Major Groups > Gilled Mushrooms > Pale-Spored > Collybioid > Flammulina populicola


Flammulina populicola

[ Basidiomycetes > Agaricales > Marasmiaceae > Flammulina . . . ]

by Michael Kuo

Like its close cousin, Flammulina velutipes, Flammulina populicola has a fuzzy brownish stem, a white spore print, and a sticky, reddish brown to orangish brown cap. But there are five crucial things that separate the two species:

  • Flammulina populicola grows on the wood of quaking aspen and other poplars (members of the genus Populus) in western North America, while Flammulina velutipes grows on the wood of various other hardwoods across North America (excepting the western poplars).
  • Flammulina populicola has shorter, wider spores that measure 6-7.5 x 4-5.5 µ (versus 6-9 x 3.5-4 µ for Flammulina velutipes).
  • The cells composing the surface of the cap (officially called the "terminal elements" of the "pileipellis") in Flammulina populicola are fat and club-shaped; the corresponding cells in Flammulina velutipes are skinny and cylindric.
  • Flammulina populicola will not "mate" with Flammulina velutipes in culture.
  • Flammulina populicola and Flammulina velutipes have different DNA signatures.

All of this means that Flammulina populicola is a separate species no matter how you define a "species," since the three most widely recognized "species concepts" for fungi are covered. It is a biological species because it can only mate with other Flammulina populicola specimens. It is a morphological species because it has observable physical features that separate it (though the features are microscopic). And it is a phylogenetic species because its DNA separates it from other Flammulina DNA.

And, as is often the case, the mushroom's ecology appears to separate it, as well. It has evolved with the western poplars, and not in other North American ecosystems. Mushroom identifiers who lack DNA sequencers, fungal culture labs, and microscopes may be able to identify it with confidence on this basis alone.


Ecology: Saprobic on the stumps, logs, roots, and living wood of poplars (members of the genus Populus, like quaking aspen and narrowleaf cottonwood) from the Rocky Mountains westward; growing alone, scattered, gregariously, or (more commonly) in clusters; often appearing terrestrial when growing from root systems; late summer and fall (common during monsoon season in the Rockies). Collections on aspen from the Great Lakes area should be studied, I believe, as well as collections on Salix from the West Coast and elsewhere; it would not surprise me if these specimens of "Flammulina velutipes" turned out to be Flammulina populicola and resulted in an extension of the range for the species.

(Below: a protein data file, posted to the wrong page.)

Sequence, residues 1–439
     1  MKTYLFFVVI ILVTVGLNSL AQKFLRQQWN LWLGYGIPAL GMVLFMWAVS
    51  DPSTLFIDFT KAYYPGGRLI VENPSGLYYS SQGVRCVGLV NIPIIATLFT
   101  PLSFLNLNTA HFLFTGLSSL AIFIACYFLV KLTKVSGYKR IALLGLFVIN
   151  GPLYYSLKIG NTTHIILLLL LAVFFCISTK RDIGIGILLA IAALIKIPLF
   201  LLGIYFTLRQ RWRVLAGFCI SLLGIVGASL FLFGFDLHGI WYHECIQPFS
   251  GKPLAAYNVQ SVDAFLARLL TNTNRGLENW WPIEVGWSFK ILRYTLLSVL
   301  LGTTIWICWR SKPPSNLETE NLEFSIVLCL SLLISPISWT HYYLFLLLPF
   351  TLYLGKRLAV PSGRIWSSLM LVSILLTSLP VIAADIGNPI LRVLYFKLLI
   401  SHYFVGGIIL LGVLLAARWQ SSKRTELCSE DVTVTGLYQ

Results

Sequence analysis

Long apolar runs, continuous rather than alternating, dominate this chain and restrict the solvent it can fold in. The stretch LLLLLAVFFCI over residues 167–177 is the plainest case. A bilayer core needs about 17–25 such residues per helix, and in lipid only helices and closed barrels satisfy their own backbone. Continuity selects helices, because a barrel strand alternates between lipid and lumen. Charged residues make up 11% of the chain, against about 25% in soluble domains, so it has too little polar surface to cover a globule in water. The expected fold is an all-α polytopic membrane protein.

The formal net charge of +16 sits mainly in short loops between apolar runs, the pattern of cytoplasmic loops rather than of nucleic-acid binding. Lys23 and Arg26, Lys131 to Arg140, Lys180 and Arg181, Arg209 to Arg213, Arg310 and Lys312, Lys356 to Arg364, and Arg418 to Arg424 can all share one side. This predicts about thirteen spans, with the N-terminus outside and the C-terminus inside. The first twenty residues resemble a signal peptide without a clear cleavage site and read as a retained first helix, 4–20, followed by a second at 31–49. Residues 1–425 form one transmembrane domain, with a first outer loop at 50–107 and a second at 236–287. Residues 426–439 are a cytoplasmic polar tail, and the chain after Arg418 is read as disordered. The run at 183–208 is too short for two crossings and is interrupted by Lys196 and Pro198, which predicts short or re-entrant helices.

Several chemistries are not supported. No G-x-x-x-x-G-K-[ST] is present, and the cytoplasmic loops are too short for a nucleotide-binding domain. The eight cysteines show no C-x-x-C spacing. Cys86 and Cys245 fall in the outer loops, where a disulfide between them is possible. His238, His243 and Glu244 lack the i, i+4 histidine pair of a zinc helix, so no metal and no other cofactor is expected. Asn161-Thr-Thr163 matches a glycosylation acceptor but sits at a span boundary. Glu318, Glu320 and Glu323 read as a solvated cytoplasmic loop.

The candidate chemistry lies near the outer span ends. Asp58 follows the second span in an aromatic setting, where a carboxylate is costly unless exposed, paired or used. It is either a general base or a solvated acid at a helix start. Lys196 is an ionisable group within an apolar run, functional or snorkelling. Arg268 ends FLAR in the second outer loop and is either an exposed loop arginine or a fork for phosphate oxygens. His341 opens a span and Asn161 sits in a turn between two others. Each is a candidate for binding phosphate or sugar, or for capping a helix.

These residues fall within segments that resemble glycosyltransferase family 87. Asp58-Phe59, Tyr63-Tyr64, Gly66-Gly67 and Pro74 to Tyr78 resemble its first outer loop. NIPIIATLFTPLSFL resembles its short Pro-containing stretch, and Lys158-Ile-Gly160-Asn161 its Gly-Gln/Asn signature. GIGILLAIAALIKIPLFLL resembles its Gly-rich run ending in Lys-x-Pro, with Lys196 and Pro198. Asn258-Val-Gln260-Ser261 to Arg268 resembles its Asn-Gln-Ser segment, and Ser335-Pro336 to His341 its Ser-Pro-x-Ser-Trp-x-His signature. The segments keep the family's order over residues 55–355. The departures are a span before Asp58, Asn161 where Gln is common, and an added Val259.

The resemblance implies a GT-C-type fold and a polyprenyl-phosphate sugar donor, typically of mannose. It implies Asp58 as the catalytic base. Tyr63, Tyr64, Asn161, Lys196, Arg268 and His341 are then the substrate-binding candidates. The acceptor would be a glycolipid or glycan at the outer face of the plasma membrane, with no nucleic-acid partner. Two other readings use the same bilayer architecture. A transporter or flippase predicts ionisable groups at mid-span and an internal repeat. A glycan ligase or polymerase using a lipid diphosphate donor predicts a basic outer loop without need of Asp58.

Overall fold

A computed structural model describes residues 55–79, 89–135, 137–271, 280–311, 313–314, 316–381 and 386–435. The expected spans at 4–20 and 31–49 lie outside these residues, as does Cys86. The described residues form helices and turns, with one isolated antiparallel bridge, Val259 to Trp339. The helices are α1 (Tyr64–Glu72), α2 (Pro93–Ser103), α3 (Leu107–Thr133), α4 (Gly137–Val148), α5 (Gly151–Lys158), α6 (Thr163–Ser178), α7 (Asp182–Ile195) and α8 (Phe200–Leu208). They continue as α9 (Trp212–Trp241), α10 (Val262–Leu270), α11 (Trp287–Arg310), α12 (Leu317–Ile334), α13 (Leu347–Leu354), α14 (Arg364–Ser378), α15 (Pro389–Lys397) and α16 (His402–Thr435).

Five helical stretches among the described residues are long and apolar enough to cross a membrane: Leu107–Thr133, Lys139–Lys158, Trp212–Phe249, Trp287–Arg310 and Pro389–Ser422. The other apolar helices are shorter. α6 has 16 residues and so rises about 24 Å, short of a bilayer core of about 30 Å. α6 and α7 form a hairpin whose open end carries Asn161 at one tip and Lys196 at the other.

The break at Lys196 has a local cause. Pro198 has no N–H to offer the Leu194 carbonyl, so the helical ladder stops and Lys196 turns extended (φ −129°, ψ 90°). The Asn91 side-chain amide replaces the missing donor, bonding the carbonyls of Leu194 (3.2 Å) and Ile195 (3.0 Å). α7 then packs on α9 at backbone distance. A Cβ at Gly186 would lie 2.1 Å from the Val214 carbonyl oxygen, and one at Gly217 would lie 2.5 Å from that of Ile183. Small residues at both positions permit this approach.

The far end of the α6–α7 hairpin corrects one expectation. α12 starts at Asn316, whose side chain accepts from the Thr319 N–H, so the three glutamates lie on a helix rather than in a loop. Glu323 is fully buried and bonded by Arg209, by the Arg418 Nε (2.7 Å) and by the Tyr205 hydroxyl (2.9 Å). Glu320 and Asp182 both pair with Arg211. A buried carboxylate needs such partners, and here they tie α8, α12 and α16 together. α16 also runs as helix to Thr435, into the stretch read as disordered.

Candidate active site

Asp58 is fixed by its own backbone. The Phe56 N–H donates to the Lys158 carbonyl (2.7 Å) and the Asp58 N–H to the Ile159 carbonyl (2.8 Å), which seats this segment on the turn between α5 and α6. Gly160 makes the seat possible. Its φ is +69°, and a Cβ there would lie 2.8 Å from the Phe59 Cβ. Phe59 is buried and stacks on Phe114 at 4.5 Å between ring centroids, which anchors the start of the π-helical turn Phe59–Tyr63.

Cap: 1-7 cm; convex, becoming broadly convex to flat; moist and sticky when fresh; bald; orangish brown to yellowish brown.

Gills: Attached to the stem; whitish to pale yellow; crowded or close.

Stem: 2-11 cm long; 3-5 mm thick; equal or larger towards base; tough; pale to yellowish brown or orange brown when young; becoming covered with a dark, brown to rusty brown or blackish velvety coating as it matures.

Flesh: Whitish to yellowish; thin.

Odor & Taste: Not distinctive.

Chemical Reactions: Cap red with KOH.

Spore Print: White.

Microscopic Features: Spores 6-7.5 x 4.5-5 µ; smooth; elliptical; inamyloid. Pleurocystidia absent. Cheilocystidia scattered; clavate to ventricose; thin-walled; 40-50 x 10-15 µ. Pileipellis a hymeniform or nearly hymeniform ixotrichoderm above a cutis of branching, clamped, cylindric hyphae that are reddish brown in KOH; terminal elements clavate to subclavate; pileocystidia occasional, ventricose to fusoid-ventricose.

REFERENCES: Redhead & Petersen, 1999. (Redhead & Petersen, 1999; Petersen, Hughes & Redhead, 2001.) Herb. Kuo 08140301, 08160301, 08080502.

This site contains no information about the edibility or toxicity of mushrooms.


Flammulina populicola

Flammulina populicola

Flammulina populicola

Flammulina populicola

Flammulina populicola

Flammulina populicola
Pileipellis: terminal elements

© MushroomExpert.Com

Cite this page as:

Kuo, M. (2013, February). Flammulina populicola. Retrieved from the MushroomExpert.Com Web site: